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Check your arm´s rod end bearings


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#1 RobVanGelder

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Posted 13 October 2004 - 02:51 AM

Hi everyone, I just tried some new rod-ends in my arm´s socket block and this is what happened after one day with a 435 and Cooke S4´s

Might be the japanese steele, but especially those of you with a BM harnass, should examine your arms closely...... <_<
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#2 RonBaldwin

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Posted 17 October 2004 - 09:50 AM

Agreed -- sometimes here on the forum I see pictures of arms with those screws backed nearly all the way out. They should always be in as far as possible and all the way in if using a back mounted harness (use the up/down socket block adjustment on the carbon arm instead). I think they are just aluminum?

Ron B
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#3 RonBaldwin

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Posted 17 October 2004 - 09:52 AM

Agreed -- sometimes here on the forum I see pictures of arms with those screws backed nearly all the way out. They should always be in as far as possible and all the way in if using a back mounted harness (use the up/down socket block adjustment on the carbon arm instead). I think they are just aluminum?

Ron B
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#4 PaulEdwards

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Posted 17 October 2004 - 12:20 PM

On a related point, I've just had to replace the spin balance male stud on an old Master docking bracket (the stud onto which you drop the gimbal handle for dynamic balancing).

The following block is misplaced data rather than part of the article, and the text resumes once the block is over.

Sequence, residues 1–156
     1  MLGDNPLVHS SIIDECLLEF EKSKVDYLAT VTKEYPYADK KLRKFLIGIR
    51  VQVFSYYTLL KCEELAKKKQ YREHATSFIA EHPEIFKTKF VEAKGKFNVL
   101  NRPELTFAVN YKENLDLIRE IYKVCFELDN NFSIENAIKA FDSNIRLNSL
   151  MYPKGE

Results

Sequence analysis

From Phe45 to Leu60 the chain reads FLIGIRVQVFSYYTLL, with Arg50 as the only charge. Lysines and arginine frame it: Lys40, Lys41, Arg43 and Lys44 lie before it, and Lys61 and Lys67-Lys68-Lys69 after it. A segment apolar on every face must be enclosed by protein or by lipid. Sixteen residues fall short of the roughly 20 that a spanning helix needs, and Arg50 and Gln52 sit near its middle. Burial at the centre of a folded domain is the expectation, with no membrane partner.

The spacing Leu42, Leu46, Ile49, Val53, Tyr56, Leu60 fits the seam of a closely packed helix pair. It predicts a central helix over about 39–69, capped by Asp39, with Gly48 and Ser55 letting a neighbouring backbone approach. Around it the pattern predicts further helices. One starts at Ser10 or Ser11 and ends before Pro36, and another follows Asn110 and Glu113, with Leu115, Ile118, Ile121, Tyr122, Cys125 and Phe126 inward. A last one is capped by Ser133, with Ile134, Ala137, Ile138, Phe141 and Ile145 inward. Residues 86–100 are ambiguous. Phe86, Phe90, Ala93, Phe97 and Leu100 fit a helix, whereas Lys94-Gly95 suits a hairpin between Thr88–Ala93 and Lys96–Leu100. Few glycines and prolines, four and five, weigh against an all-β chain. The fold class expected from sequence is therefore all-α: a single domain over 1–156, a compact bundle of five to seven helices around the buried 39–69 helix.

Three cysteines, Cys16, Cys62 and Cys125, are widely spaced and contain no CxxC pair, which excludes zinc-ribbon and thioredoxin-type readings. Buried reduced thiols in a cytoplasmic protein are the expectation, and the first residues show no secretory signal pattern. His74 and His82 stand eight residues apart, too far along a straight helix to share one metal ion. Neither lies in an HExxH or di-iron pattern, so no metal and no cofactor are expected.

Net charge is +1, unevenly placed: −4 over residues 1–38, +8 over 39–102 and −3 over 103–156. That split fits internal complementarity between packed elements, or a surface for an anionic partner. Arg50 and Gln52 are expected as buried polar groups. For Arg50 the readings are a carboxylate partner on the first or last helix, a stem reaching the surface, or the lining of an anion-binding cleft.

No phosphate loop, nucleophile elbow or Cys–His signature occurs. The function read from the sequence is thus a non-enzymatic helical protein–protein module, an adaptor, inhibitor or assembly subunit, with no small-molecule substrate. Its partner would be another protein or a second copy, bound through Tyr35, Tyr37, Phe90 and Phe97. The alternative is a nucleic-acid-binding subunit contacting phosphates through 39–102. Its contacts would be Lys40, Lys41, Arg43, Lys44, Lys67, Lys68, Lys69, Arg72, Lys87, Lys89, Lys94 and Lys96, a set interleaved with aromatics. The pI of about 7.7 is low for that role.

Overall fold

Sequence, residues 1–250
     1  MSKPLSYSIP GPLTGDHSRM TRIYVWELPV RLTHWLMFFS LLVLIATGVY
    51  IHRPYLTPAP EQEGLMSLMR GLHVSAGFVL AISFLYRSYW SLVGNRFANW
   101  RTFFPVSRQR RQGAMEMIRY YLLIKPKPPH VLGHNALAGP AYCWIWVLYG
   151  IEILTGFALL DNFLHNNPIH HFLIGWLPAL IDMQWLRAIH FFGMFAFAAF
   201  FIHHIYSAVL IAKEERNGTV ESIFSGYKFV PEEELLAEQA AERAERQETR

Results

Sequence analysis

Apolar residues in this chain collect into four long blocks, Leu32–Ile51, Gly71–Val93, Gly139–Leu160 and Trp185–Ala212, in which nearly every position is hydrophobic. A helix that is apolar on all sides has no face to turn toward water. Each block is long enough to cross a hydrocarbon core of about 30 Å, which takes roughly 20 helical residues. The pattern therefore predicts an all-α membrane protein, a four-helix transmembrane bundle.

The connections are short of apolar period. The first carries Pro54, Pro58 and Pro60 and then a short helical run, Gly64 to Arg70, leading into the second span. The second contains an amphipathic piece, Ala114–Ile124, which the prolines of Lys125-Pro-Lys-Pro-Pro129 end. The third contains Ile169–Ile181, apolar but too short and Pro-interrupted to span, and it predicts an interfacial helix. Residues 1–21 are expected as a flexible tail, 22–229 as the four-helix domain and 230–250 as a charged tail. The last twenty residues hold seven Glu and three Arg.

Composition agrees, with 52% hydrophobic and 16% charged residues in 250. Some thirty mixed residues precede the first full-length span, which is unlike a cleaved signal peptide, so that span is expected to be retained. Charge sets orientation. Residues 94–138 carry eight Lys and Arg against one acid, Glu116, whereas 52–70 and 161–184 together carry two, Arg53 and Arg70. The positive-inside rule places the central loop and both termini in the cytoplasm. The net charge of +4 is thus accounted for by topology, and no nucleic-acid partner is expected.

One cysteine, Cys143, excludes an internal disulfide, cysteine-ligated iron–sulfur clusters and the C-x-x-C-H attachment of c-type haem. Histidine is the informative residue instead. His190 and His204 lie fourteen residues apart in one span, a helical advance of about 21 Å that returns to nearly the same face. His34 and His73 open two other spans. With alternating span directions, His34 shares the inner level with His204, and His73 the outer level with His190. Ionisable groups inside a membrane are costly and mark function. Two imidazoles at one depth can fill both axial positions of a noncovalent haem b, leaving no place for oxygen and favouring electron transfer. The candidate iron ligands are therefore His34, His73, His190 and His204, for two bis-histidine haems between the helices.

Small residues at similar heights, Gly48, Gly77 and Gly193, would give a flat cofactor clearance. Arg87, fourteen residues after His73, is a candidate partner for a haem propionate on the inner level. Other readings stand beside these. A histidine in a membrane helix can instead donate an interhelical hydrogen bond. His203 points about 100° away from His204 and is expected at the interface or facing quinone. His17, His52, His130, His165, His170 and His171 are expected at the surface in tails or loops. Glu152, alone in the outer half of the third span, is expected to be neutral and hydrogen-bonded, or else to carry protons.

Actually the stud was fine but it was the bolt which fixes it to the docking bracket which was bending over. I suspect that the fixing might had worked slightly loose at some point; putting greater bending stress on the bolt.

Anyway, worth checking for those with that type of bracket. Might just save a mighty embassasing crashing sound from the corner of the set!

Paul
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#5 joe mcnally

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Posted 17 October 2004 - 01:13 PM

Blimus
The two screws that hold the titanium dovetail to the back of the breast plate of Master series vests is another thing worthy of regular checks
Joe McNally
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#6 RobVanGelder

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Posted 17 October 2004 - 09:36 PM

Agreed -- sometimes here on the forum I see pictures of arms with those screws backed nearly all the way out.  They should always be in as far as possible and all the way in if using a back mounted harness (use the up/down socket block adjustment on the carbon arm instead).  I think they are just aluminum?

Ron B

<{POST_SNAPBACK}>



Even if you keep your rod-ends all the way inside the socketblock because of your BM harnass, you should check them: mine broke, all the way in and I did not use a front-mounted vest in a long time!!!
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#7 thomas-english

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Posted 18 October 2004 - 06:43 AM

On your rod-end bearing that sheared. Did it look like it had bent for a little and then sheared or had it just "fracture" sheared.

I.e. Is rod-end bearing shear preventable by checking for slight bend?
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#8 RobVanGelder

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Posted 18 October 2004 - 11:44 AM

It is hard to determine exactly what happened. The broken rod-end was also a little bend, as was the other one.
So it does seem that they first bend before they go.

And also here you can expect that the tougher the material is, the less it will flex and bend before it gives up.

For the backmounted harnasses be have to look with extra care, in my opinion: We are able with BM to hold the camera further out and also lift heavier camera´s with less or the same effort. Our body adapts and gives a sign when it is too much, but we should not forget that it also increases the stress on all the supporting metal parts!